The World Baseball Classic field is set. At least, Cuba says it is.
Cuba, the world'™s dominant team in international baseball
competition, has accepted an invitation to participate in the 16-team
tournament scheduled for next March–the last of the 16 teams to
confirm its participation.
As the last Communist nation in the Western Hemisphere, however,
Cuba does things differently. The official announcement did not come
from World Baseball Classic organizers; rather, it was broadcast on
state-run media in Cuba on Thursday, with Teodoro Perez, chief of
Cuba'™s delegation to the tournament, confirming the island nation'™s
Paul Archey, Major League Baseball'™s senior vice president of
international operations, said MLB has yet to receive an official
response from Cuba, "but I'™ve seen the same report that you saw, and
we'™re very pleased to see that they have accepted."
The Cuban announcement also stole the thunder from a press
conference set for later this month, when Puerto Rico was going
announced its selection as a host for the first round of the Classic.
Cuba will play in Puerto Rico, an American commonwealth, and the Cuban
announcement said U.S. officials would not allow Cuba'™s team to arrive
until 24 hours before their first game in the Classic in early March.
"The United States refused permission to visit until the last moment," Perez said.
Cuba and Japan were the only nations in the field that were not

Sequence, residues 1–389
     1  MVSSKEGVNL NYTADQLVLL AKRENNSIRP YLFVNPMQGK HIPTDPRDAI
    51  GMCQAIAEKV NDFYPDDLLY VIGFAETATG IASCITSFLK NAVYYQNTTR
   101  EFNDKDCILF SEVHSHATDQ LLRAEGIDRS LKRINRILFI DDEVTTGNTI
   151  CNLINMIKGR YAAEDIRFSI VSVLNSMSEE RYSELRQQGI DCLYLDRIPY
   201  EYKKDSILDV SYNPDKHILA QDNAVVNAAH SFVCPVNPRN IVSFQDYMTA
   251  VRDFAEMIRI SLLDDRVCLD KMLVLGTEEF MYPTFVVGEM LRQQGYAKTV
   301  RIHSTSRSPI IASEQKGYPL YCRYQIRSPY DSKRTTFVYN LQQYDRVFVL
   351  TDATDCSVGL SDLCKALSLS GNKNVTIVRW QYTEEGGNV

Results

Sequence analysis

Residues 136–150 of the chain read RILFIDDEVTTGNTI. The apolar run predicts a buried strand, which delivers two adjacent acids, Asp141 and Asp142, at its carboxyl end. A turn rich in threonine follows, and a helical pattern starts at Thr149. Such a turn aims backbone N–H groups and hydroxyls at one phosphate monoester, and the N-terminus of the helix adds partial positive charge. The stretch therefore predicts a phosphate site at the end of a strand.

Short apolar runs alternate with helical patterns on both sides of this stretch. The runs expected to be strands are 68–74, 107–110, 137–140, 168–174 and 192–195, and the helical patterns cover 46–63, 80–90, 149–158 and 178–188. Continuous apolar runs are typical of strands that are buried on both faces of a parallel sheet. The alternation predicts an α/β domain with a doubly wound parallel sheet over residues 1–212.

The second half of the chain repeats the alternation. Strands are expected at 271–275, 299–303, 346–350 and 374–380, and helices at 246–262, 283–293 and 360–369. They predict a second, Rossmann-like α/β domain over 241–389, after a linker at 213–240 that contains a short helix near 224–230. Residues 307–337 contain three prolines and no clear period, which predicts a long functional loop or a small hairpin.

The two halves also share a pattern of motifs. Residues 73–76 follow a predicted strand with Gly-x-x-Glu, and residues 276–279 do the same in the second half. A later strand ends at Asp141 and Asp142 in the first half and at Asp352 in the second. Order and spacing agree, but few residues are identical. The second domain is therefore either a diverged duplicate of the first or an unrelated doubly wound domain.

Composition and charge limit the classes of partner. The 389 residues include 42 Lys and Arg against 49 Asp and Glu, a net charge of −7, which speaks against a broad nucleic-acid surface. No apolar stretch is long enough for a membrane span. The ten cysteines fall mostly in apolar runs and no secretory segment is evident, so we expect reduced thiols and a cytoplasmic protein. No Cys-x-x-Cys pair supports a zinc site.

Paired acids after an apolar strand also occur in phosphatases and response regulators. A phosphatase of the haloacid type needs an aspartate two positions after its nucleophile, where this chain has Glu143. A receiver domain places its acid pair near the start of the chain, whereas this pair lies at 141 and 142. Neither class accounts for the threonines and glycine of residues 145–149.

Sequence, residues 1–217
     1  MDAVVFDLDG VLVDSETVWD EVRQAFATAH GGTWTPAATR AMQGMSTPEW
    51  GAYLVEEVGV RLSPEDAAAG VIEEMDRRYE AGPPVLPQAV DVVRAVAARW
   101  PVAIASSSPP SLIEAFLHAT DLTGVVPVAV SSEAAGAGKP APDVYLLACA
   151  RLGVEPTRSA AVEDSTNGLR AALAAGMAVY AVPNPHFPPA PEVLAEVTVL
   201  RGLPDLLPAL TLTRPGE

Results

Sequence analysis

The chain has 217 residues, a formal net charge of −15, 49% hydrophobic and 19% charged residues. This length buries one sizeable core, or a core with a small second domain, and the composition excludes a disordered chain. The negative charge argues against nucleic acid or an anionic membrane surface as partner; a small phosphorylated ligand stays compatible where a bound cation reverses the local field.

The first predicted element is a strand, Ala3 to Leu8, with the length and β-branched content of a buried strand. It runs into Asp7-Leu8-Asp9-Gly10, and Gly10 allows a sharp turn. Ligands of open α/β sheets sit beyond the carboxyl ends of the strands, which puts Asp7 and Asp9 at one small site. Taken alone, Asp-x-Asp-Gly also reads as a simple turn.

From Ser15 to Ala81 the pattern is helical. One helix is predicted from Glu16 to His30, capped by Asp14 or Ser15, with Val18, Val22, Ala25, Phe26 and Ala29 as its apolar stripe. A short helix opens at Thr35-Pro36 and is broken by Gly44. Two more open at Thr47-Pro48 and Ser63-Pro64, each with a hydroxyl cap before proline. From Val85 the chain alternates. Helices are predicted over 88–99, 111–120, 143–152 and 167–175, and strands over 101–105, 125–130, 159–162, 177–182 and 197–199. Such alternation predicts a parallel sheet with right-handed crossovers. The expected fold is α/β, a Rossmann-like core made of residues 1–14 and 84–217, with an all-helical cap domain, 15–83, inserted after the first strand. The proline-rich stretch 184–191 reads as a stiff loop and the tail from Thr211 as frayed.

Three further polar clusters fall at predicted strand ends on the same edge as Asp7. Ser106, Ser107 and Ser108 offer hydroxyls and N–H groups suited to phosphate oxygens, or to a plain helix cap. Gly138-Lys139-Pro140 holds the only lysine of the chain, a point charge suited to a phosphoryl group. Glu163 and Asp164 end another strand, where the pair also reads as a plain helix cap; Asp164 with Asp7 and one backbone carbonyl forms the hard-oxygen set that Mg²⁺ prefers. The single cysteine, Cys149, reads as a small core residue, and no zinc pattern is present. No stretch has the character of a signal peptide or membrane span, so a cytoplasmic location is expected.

confirmed participants when the World Baseball Classic was formally
announced during all-star festivities in Detroit in July.
Japan's participation was considered a certainty, but Cuba'™s entry
was questionable because of its relationship with the U.S., and Archey
stressed, "The invitation is always qualified, subject to State
"They're not formally in yet," Gene Orza, the chief operating
officer of the players association, told the Associated Press on
"There's a process that you have to go through to play with the
Cubans, through the United States government. The license has been
applied for. We're hopeful for a favorable response. I personally don't
believe that the participation of Cuba poses any problems," he said.
Cuba'™s inclusion will pit its top players against major leaguers for
the first time since Cuba played the Orioles in exhibition games in
1999, splitting games played in Havana and Baltimore. Cuba has
dominated international baseball in the absence of big leaguers,
winning Olympic gold medals in 1992, '™96 and 2004 and silver in 2000,
when the U.S. won its only gold since baseball became a medal sport in
1992. Cuba also has won the last nine World Cups, the latest coming
last month in the Netherlands.
Archey said Cuba'™s participation is the part of the building
momentum for the Classic, which continues to pick up steam as March
2006 approaches. First came the announcement of San Diego'™s Petco Park
as the site of the semifinals and finals, March 18-20. Next up: the
press conference in Puerto Rico.
"We'™ve made tremendous progress," Archey said. "You'™ll start to see
news trickle out every week, and we'™ll have some major announcements
after the conclusion of the (major league) postseason."
In other news, Venezuela'™s state-run news agency said Yankees
third-base coach Luis Sojo will manage its entry in the Classic, with
former Reds shortstop Dave Concepcion and minor league manager Omar
Malave as assistants.